If in-person courses aren’t available, there are many online training courses (both free and paid) to learn everything from the basics of “What the heck is coding?” to specifics like “How do I make a heatmap from my RNAseq data?” Online tutorials are great resources because they almost always have practice datasets for you to use. I used the beginner R tutorials from swirl and DataCamp, but there are plenty of other sites to use as well, including Codecademy, Free Code Camp, and Coursera.

In addition, I can’t tell you the number of times I’ve googled “How to do ___ in R” or “What does XYZ error message mean?” Fortunately, the internet is full of people with the same problems and with many opinions on how to fix them. One of the biggest online communities for coding help is Stack Overflow, which is full of Q&A pages on any and every programming problem you can think of. In addition, GitHub is a great site for sharing your code with other people on the project, or even the wider scientific community in order to debug or get more feedback.

Collaborate, collaborate, collaborate!

As I mentioned above, my best training resource was a fellow grad student. Learning from others who know what they’re doing is a fantastic way to polish your skills and get constructive feedback. In addition, it’s great to have someone else proofread your scripts to make sure they make sense and are usable by other people.

And, good news, if you can’t find an expert to learn from at your home institution, both R and Python (and many other languages) have many online support groups of other people using and learning the languages. Sometimes there are even city-specific groups where you can meet up in person with coders of all skill levels (e.g., Python Local User Groups and R-Ladies).

You don’t need to become an expert in everything coding-related

Let’s say you are planning to go on a month-long trip to a foreign country where people don’t speak your native language. There’s no need for you to quit your job, study that language every day, and become 100% fluent before your trip. Instead, it would be wise to spend a little time each day learning practical phrases, like “Good morning, how are you today?” or “Where is the bathroom?” In the same way, there is no need for you to become a coding expert to perform the analyses you need. Instead, decide on what specifically you want to accomplish and focus on the skills and commands needed for your specific project instead of trying to absorb everything. Once you start figuring out the steps you need to take to get from dataset to paper figure, it’s easier to decide what you really need to learn and what you can skip.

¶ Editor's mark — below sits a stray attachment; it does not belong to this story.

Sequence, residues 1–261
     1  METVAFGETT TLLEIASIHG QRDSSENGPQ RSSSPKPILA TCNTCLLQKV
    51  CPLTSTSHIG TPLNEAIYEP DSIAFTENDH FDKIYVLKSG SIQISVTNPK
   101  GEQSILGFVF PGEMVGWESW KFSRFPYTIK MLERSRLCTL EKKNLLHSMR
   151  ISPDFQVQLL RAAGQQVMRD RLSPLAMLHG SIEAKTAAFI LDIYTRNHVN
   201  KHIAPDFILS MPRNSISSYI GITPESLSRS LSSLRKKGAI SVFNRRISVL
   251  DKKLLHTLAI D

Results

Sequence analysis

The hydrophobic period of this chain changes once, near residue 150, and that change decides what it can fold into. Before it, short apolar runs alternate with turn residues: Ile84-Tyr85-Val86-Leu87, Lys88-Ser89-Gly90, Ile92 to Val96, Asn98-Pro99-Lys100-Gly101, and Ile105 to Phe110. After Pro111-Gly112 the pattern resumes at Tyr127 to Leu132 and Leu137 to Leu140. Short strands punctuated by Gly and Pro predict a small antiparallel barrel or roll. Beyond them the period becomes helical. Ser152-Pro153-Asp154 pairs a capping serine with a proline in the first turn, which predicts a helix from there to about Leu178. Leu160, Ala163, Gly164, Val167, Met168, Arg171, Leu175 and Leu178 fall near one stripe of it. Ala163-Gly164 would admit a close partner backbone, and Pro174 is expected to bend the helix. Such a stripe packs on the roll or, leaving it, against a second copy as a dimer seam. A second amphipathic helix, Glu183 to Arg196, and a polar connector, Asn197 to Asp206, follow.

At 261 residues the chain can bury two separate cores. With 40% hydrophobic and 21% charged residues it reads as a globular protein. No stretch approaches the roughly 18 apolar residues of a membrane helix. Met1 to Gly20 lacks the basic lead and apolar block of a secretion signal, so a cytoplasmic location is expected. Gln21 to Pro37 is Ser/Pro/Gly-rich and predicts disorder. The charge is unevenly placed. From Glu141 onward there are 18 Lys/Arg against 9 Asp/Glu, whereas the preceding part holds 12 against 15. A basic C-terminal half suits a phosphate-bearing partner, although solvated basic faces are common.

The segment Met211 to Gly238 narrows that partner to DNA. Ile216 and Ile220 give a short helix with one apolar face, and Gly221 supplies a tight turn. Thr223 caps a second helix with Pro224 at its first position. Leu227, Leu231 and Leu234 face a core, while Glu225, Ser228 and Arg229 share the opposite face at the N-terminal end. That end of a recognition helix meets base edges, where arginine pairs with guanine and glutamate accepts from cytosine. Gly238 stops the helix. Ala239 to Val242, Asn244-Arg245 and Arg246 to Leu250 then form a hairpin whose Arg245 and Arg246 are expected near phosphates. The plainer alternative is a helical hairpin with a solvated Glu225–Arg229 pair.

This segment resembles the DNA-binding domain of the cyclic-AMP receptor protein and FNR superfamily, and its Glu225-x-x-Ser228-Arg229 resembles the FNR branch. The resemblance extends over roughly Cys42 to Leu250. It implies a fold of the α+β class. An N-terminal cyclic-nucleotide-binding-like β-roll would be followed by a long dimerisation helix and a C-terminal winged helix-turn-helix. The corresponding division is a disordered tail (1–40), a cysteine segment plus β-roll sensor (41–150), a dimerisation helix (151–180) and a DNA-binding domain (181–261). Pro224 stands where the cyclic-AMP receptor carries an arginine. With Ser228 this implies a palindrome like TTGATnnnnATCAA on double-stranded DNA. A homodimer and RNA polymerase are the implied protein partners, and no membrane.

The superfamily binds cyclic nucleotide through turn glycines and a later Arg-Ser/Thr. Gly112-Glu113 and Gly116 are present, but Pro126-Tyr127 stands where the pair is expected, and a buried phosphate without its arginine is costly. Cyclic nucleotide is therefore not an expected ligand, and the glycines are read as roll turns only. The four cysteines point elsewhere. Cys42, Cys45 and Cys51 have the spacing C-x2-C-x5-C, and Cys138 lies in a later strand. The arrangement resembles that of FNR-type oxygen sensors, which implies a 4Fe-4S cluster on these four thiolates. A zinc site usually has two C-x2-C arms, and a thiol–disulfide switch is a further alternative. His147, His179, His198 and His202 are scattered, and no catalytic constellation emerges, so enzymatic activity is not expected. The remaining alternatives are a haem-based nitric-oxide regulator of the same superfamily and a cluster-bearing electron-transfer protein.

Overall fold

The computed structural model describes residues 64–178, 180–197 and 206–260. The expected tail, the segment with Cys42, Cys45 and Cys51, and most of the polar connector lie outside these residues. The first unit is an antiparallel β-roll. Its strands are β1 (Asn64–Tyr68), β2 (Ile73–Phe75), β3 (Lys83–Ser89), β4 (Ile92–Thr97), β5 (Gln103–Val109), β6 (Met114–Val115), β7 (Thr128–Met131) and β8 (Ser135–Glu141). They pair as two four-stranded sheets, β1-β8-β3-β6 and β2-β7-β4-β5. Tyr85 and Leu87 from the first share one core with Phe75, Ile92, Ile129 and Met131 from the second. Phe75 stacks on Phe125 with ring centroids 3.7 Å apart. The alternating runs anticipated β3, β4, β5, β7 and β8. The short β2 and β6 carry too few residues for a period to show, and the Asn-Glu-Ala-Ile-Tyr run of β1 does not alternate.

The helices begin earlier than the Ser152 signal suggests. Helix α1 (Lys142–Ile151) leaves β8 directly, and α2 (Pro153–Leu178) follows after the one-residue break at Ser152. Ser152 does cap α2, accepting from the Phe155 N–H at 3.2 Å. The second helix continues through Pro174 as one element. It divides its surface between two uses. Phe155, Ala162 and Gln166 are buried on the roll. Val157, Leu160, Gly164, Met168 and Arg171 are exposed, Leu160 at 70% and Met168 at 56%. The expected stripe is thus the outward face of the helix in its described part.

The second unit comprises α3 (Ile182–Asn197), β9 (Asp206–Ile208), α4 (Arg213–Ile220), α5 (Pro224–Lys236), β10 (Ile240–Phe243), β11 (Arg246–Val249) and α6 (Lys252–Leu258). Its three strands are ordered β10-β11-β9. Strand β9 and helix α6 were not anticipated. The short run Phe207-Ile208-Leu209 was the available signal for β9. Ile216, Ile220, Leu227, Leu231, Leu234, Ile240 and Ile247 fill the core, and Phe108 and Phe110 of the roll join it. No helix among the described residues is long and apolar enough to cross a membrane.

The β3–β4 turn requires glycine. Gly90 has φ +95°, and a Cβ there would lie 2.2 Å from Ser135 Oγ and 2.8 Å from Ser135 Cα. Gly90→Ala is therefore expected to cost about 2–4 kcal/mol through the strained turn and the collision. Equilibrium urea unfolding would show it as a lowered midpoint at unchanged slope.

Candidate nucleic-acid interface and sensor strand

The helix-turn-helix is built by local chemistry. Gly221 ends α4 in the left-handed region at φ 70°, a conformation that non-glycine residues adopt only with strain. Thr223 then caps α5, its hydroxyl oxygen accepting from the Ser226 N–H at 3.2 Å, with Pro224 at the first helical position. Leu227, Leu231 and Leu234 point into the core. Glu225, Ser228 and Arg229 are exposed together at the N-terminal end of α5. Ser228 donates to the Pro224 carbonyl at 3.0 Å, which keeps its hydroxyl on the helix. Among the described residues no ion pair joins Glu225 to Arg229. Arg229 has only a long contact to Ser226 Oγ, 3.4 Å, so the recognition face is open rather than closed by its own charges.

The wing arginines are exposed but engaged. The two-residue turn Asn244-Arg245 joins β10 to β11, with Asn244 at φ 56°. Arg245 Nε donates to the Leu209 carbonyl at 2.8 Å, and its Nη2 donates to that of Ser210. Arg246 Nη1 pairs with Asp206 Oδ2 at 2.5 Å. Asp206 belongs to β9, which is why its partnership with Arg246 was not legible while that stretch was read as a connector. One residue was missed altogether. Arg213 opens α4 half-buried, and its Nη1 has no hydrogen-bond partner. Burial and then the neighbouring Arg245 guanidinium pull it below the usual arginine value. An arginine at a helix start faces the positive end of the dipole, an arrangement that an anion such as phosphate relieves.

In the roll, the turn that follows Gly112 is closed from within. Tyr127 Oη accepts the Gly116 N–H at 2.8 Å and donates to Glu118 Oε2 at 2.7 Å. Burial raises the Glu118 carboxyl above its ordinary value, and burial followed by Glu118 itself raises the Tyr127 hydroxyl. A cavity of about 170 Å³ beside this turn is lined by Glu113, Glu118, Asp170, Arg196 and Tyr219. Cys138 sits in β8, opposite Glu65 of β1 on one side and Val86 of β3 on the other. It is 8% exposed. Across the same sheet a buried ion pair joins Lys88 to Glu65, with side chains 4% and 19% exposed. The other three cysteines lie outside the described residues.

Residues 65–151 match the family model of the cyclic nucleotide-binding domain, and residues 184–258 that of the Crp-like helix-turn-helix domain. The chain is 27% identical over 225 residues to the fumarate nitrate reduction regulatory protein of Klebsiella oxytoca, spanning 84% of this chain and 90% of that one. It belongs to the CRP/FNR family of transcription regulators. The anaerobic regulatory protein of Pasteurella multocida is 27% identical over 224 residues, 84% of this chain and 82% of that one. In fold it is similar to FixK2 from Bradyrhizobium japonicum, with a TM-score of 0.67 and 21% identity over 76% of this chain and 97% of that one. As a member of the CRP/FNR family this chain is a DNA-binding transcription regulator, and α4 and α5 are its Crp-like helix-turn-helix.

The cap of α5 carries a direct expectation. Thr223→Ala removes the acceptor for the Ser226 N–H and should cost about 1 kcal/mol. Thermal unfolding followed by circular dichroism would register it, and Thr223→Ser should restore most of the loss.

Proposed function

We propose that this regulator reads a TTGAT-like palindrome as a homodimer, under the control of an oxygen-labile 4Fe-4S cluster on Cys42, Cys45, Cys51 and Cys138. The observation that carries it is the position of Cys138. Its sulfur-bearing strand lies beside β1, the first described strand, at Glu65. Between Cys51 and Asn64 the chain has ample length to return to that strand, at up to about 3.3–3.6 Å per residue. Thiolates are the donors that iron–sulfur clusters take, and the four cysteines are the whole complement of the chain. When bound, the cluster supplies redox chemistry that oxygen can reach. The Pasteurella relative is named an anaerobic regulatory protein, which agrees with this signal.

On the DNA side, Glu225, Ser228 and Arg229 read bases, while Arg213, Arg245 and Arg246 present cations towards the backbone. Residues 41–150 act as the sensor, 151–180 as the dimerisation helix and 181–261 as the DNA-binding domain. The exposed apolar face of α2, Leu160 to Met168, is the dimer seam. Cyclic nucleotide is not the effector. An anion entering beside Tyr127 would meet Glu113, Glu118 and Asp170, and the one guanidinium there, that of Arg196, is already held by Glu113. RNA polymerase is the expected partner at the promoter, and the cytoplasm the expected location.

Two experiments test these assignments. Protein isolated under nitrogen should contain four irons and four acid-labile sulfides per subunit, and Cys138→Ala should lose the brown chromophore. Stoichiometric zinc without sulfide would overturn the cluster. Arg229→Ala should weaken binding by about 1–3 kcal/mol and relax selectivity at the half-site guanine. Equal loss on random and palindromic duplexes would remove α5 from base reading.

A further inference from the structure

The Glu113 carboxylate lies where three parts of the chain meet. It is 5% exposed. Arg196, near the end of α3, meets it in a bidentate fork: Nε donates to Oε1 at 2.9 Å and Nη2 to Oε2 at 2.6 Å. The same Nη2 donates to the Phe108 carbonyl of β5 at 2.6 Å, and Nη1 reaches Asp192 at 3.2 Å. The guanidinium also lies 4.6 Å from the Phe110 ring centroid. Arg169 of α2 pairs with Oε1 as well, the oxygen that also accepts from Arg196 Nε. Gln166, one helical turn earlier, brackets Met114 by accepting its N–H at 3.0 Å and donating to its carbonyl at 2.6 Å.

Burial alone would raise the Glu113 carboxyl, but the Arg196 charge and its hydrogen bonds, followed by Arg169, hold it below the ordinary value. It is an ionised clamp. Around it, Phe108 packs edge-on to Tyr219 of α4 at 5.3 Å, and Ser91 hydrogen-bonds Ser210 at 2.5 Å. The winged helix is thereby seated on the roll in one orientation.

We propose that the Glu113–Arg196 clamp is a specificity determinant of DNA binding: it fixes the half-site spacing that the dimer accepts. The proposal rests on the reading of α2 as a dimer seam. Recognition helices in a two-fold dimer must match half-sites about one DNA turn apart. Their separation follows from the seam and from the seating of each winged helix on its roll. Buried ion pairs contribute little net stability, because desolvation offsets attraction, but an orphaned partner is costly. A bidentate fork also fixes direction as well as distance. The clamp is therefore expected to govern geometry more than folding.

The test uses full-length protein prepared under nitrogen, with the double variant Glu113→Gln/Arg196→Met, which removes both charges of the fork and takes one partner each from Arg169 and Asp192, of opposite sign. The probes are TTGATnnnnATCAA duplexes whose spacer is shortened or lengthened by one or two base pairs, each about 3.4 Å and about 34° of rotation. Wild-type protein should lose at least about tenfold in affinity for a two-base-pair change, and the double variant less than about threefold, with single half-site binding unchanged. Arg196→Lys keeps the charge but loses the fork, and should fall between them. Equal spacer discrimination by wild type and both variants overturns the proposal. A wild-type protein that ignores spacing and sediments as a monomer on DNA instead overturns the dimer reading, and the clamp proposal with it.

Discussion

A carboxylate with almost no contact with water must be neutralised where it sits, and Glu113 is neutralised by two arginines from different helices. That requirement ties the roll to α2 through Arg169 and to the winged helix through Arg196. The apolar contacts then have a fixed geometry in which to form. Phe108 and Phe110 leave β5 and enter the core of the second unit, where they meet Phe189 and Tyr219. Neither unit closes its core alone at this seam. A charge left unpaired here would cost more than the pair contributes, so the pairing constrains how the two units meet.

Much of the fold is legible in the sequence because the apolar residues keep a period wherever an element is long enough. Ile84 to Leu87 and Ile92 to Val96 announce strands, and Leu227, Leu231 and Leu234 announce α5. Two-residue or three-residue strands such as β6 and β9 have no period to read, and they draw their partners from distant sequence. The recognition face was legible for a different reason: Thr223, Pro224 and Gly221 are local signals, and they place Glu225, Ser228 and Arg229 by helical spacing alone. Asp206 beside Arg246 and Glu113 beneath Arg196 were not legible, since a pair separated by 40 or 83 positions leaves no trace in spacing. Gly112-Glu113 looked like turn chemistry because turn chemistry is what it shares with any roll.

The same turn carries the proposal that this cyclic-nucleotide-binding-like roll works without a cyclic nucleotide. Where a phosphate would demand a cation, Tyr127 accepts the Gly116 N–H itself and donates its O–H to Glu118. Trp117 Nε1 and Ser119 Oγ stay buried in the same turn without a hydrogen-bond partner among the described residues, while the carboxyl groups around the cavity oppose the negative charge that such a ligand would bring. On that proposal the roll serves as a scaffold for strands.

Fail often, but also celebrate the small victories

Coding is hard, especially for beginners. It’s an entirely different way of thinking that’s not always intuitive to people who have spent their lives in the world of biology. But remember that it’s perfectly normal (and even good) to “fail” at programming. The stakes are incredibly low; you don’t need money or precious lab resources to practice coding, only time and patience. If your code keeps running into bugs, take the time to figure out what’s wrong and adjust. Every little mistake in coding is a learning opportunity, and a chance to find creative solutions to complex problems. And every time something goes right, be proud of your progress! So go ahead, celebrate that first data table you finally compiled, or print out that first heatmap and post it above your desk for all to admire. Even small victories in coding are major steps on the way to becoming a more well-rounded scientist.

The views and opinions expressed in this blog are the views of the author(s) and do not represent the official policy or position of ASCB.

About the Author:

Emily Summerbell is a member of the ASCB Committee for Postdocs and Students (COMPASS). She is a postdoc in the lab of Meera Murgai at the National Cancer Institute studying phenotypic plasticity in stromal cells during metastasis. Twitter: @esummerbell